Panadol Suspension for infants and children has been removed from shelves across parts of the Middle East because the wrong dosage instructions are printed on boxes.
The manufacturer of the popular brand of paracetamol, GlaxoSmithKline, advised local health authorities of the error this week.
The United Arab Emirates Ministry of Health issued a circular advising parents to seek the advice of a medical professional when administering the pain-relief medicine to children.
“Dosage instructions on all 13 batches of the medicine available in the UAE have been printed wrongly,” said Dr Amin Hussain Al Amiri, the Assistant Undersecretary for Public Health Policy and Licensing Sector at the UAE Ministry.
“It is important that people follow doctors’ instructions because those will be based on the weight and age of the child,” said Dr Al Amiri.
The UAE circular does not specify which of the printed calculations are wrong or what the correct dosages should be but said an error in dosage could have adverse drug reactions and could lead to liver damage.
For families travelling to Gulf countries and those doing stopovers at airports in Dubai, Abu Dhabi and Doha, who may not be able to consult a doctor, local health officials say it’s important to ask at the chemist for the correct dosage.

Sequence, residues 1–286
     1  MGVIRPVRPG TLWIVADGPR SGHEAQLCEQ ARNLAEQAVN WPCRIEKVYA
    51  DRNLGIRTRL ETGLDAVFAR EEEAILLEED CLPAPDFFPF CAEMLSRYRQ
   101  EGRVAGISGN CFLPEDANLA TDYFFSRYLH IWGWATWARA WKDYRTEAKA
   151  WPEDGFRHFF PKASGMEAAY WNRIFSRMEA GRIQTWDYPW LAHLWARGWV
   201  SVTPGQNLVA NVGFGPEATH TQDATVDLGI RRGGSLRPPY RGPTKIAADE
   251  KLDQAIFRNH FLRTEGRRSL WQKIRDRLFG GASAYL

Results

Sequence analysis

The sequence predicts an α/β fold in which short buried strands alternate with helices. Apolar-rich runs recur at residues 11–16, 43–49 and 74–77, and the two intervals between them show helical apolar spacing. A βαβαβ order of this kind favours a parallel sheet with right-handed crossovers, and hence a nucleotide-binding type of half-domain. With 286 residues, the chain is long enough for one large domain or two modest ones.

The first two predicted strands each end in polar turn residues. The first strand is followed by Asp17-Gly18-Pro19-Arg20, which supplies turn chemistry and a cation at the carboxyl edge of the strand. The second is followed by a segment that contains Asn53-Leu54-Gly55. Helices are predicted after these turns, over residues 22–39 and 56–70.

“People who buy this medicine over-the-counter, should follow instructions given by the pharmacists.” said Dr Al Amiri.
The UAE Ministry stopped short of issuing a recall, however.
“There is nothing wrong with the medicine but only with the dosage instructions printed on the box,” said Dr Al Amiri.
The UAE circular also asked hospital administrators, doctors and pharmacists to take note of the changes.
However on Friday, the UAE newspaper Khaleej Times said the pharmacists they’d contacted were not aware of the instructions.
Qatar’s Gulf Times reports that the Supreme Council of Health issued a recall to all pharmacies for batches N066 and N143 of Panadol 100ml syrup.
The Council says all other batches available in Qatar display safe guidelines.
Health officials in Kuwait ordered withdrawal of the medicine from the shelves immediately.
The Head of Drug Registration at the Kuwaiti Health Ministry, Rami Bebehani, is quoted by the country’s official news agency saying doctors should not prescribe the product until the error has been corrected.